Death Valley

When Pacific storms slam into California they are liable to drop healthy amounts of rain along the coast before moving inland and getting relentlessly forced upward in to the Sierra Nevada Mountains. As the wet air is driven higher it becomes thin and unable to hold moisture, therefore causing it to condense into clouds. These clouds then condense into rain. Once the moisture gets high enough the rain turns to snow, lots of snow. The largest snow falls in a given winter storm are on average larger here than anywhere else in the United States. The air continues to rise because in the Sierras there is nowhere else for it to go but up. The Sierra Nevada runs like an impenetrable fortress wall down the eastern side of the state of California with peaks higher than anywhere else in the contiguous US. Only the burliest storms make it over the spine of the Sierra and then down the other side where the moisture evaporates and leaves just wind for the lonely basins on the  east side. What moisture does make it to the there is forced up once again over another range of mountains almost equal in height, only to go bombing down the other side even drier and further down until it bottoms out in Death Valley, the lowest, driest, and hottest place in the United States.

Our drive towards Death Valley took us through dreary and lonely looking desert valleys and over craggy desert mountains of the Basin and Range province. We crossed into California and soon after the border, into Death Valley National Park where we found ourselves starring down into a frightful giant tear mark in the earth’s surface. We continued to descend with feet working the breaks trying to keep our overloaded minivan happy in low gear.

The rock formations that the road twisted around were stunning. Stories of very ancient mountains were quickly laid out in the crazy scenery as we rushed onward. Even though the stretching of the Basin and Range began only 16 million years ago the rock that has been exposed is over a billion years old.  The elevation continued to drop until we hit sea level and kept descending. This big broad flat valley was made up of giant lakes back in the last ice age.  Now the water that leads down here heats up, evaporates and leads to nowhere. What’s left is salt, a vast flat expanse of salt. There are no major river ways that drain the Basin and Range Province. To put this in perspective, this entire region: eastern California, southeastern Oregon, southern Idaho, western Utah and the entire state of Nevada, is without a major river drainage. Mountain ridge lines collect snow and rain, it flows down hill like all water should but then poof, it’s devoured by the basins.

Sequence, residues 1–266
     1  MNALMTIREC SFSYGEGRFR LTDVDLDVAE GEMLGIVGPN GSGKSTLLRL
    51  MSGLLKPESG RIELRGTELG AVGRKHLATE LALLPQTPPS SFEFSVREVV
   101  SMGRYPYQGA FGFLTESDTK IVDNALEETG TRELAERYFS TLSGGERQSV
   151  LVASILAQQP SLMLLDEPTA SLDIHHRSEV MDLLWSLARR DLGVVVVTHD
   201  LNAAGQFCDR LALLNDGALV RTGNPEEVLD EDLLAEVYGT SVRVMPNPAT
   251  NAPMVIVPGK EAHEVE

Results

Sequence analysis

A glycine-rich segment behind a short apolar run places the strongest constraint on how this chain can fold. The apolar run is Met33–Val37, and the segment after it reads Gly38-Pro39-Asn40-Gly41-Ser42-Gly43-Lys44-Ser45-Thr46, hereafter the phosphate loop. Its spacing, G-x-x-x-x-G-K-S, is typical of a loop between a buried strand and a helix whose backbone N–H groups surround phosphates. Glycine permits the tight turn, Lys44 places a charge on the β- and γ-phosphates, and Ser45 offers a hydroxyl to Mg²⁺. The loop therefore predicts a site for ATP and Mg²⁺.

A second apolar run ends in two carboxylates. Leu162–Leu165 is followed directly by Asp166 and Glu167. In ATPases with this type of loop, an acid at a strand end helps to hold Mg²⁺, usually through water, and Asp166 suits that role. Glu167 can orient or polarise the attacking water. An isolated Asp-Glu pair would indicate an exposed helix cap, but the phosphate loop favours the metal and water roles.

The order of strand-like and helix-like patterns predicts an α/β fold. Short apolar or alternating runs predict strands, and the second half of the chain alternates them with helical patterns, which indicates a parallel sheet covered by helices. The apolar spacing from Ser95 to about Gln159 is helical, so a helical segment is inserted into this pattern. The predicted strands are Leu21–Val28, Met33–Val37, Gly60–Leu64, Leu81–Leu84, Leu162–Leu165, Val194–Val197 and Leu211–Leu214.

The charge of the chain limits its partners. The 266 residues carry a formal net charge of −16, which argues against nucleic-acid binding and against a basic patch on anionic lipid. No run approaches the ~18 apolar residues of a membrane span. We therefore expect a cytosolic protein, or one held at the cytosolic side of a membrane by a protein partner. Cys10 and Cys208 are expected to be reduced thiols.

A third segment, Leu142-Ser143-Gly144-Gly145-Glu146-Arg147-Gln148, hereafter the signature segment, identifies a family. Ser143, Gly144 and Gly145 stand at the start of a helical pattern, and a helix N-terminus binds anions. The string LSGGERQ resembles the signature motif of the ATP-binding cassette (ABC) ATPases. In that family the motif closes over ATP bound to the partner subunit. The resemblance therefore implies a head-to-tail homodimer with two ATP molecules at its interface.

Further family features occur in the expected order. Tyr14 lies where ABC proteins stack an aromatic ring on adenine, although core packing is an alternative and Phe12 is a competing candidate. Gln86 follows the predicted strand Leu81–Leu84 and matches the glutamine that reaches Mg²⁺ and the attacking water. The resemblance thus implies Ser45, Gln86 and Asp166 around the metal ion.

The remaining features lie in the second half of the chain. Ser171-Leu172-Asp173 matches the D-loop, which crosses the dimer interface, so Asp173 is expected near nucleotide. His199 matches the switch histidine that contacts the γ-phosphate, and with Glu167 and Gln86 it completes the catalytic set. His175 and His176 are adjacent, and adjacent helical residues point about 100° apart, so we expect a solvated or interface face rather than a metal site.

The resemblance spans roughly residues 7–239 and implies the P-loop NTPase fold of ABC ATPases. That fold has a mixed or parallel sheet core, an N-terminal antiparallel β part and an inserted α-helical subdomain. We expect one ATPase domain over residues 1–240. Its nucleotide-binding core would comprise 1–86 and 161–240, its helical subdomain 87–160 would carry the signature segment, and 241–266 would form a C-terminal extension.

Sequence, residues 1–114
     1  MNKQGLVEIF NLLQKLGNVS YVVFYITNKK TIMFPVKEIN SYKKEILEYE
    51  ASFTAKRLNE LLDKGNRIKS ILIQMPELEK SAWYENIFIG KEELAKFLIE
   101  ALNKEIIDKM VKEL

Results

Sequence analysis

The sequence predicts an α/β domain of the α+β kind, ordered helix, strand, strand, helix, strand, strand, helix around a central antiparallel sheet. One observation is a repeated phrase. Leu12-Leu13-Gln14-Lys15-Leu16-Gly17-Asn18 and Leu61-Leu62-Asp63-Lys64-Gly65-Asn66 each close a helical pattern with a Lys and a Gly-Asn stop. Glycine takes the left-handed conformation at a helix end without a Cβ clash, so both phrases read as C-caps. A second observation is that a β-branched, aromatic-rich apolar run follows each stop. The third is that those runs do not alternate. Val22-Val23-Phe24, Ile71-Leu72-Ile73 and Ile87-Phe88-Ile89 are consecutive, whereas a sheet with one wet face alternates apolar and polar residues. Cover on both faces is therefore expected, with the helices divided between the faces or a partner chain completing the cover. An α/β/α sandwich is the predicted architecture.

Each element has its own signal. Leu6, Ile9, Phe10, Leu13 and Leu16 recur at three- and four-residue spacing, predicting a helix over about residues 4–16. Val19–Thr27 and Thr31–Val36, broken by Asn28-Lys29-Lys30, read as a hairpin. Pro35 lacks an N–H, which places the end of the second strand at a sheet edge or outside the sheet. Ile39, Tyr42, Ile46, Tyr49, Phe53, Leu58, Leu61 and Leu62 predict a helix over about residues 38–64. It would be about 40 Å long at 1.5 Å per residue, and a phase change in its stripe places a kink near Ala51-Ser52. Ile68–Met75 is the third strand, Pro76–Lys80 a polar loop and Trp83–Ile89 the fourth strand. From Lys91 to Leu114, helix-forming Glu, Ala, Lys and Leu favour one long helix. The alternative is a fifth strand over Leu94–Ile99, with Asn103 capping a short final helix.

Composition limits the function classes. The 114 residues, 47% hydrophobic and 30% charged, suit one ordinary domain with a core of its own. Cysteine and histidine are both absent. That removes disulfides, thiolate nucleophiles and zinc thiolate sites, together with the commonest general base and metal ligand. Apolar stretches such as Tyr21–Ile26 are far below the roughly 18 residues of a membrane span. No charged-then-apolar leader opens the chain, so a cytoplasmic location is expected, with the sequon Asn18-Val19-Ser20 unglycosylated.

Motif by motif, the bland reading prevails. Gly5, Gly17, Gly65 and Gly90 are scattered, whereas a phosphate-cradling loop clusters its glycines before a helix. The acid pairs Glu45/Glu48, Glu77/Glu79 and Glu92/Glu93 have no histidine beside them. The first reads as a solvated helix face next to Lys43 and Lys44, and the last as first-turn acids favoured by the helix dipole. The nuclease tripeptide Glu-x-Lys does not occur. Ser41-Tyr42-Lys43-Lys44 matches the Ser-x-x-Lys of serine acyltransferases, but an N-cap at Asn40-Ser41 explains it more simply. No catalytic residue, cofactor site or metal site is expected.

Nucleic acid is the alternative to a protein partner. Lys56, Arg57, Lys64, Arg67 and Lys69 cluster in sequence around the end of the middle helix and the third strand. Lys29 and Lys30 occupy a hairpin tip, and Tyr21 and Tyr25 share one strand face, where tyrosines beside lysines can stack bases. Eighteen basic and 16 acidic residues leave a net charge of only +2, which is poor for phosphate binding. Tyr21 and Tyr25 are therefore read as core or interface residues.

When we made it to a sign that read -150 below sea level, we parked our car in the salt flats and greeted the 100 degree heat. Curiously, we all walked into the sea of white salt and pulled shoes off to feel the comfortable crunch under our feet. The walking led to jogging and then regardless of the heat, to sprinting. You could run as much as you wanted in any direction and it would not matter if your eyes were open or closed. The crunchy white salt was uniform throughout the valley bottom. We played in the salt flats and our skin and spirits felt gritty and good.

 

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Back in the car we charged on towards our destination driving by towering sand dunes where Jacob pleaded with us to stop and explore. The temperature was even warmer when we got out and walking around felt like a huge effort. As we drove further and began the climb up and out of the valley the family was still, content with their books on tape or sleep as I quietly noticed warning signs that suggested we turn AC off so as not to let the engine overheat. The poor van pushed  4, 5 almost 6 thousand feet back up and out of the valley. The AC blasted as I thanked our faithful car for the big push. We continued down the other side on a road that cut through yet another lonely basin with nothing in it except the large expansive natural shape of the mountain and valleys flowing together as one with giant dunes on the northern end piled high just as it had been for several thousand years.

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Michelle and I bonded without speaking with our hands and our smiles while we deeply absorbed the freedom of endless scenery. Topping out on the last mountain ridge the Sierra Nevada stood in front of us reaching up into the heavens. They reminded us that not all mountains look like these dry basin and range hills. Their steep noble mountain slopes were flanked with the beautiful clean look of granite walls and ridges. It was like a fortress of the heavens and we had finally arrived. Snow etched the stately and tall lines which lead up to the summits which were crowned with clouds. The first clouds we had seen for weeks.

 

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Categories: Adventure, adventure geology, adventure travel, Death Valley, Desert, Driest Desert, Driving cross country, Ecosystems, Great Basin, Hiking, Lowest Point, Sand Dunes, Uncategorized | Leave a comment

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